UC Commission on the Future Shifts into Drive
The UC Commission on the Future has begun work on its charge to explore how UC can continue to serve California and maintain quality, access, and affordability in a time of diminishing State resources.
The 20-member “Gould Commission,” named for co-chair Regent Russell Gould, includes Senate faculty, administrators, regents, students, staff, and California business and labor leaders. Its five working groups—Size and Shape, Access and Affordability, Education and Curriculum, Finance, and Research Strategies—are also populated by a mix of constituencies, though Senate faculty comprise the largest contingent on each group.
Senate faculty on the Commission include Academic Senate Chair Henry Powell; Senate Immediate Past Chair Mary Croughan, who also co-chairs the Research Strategies Working Group; UCSB Professor of Italian and French Cynthia Brown, who co-chairs the Size and Shape of UC Working Group; and UCR Professor of Economics Anil Deolalikar. In addition, UC Davis Professor Keith Williams co-chairs the Education and Curriculum Working Group, and Senate Vice Chair Daniel Simmons sits on the Commission ex-officio.
The Commission has met twice, most recently in Oakland on November 12, and Working Group co-chairs are conducting “Listening Tours” of the campuses, with visits to Santa Barbara, Merced, Santa Cruz, Irvine, Riverside, and San Diego completed.
The Commission has been asked to complete its work by March 2010, but President Yudof has promised the Academic Senate that any recommendations will undergo full systemwide Senate review before Regental action. Nevertheless, the Senate is cautious because the work of the Commission overlaps considerably with areas for which the Senate has delegated authority.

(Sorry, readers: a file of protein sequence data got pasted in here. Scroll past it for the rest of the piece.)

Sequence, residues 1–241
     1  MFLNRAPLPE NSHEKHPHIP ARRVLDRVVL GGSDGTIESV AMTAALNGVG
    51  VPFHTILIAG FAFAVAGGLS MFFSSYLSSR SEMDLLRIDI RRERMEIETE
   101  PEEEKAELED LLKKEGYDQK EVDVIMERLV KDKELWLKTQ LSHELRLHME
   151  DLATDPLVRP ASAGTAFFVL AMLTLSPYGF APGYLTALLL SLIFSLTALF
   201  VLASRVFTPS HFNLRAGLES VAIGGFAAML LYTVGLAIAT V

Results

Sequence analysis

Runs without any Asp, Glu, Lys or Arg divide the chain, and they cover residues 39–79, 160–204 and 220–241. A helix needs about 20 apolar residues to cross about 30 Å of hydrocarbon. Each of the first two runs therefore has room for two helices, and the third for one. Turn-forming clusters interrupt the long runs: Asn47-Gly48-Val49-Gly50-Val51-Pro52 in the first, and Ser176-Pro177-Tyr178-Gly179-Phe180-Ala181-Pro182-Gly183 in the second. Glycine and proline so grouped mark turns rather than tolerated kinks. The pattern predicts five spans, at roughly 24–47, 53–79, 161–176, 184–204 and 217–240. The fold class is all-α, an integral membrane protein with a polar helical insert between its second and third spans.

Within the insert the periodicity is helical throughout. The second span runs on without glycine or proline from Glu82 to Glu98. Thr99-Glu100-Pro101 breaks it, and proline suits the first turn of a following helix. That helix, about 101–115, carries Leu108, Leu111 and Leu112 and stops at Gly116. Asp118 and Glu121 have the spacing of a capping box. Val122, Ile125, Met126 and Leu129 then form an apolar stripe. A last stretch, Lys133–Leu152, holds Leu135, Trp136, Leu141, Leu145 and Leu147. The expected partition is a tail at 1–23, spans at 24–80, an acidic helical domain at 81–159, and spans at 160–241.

“The Senate wants to ensure that the Commission’s work proceeds according to principles of shared governance and respect for the authority and review processes of the Senate,” said Chair Powell. “We want the Senate to be involved earlier rather than later, and we want to encourage interaction between the working groups and standing Senate committees. That way, when the Commission finishes and delivers a set of recommendations to the Senate for a 60-day review, it is already familiar with the thinking and can respond quickly and effectively.
“The Senate should not wait for UCOP to give us a direction out of this financial crisis,” he adds. “We should take responsibility and come up with ideas ourselves. I think we can make the effort be forward-thinking and more proactive than reactive.”
Senate Vice Chair Dan Simmons agrees that the Senate should not remain on the sidelines. He wants the Senate to prepare itself to respond to the Commission’s recommendations by developing a clear sense of the faculty’s positions and priorities for the future direction of UC. “If the Senate wants to influence the work of the Commission,” he says, “committees should insert themselves actively into the process and opine on, for example, the viability of new and existing revenue sources; the extent to which UC can rely on student fees and increased non-resident enrollment to generate revenue; and the viability of President Yudof’s recent white paper proposing an expanded federal role in supporting higher education.”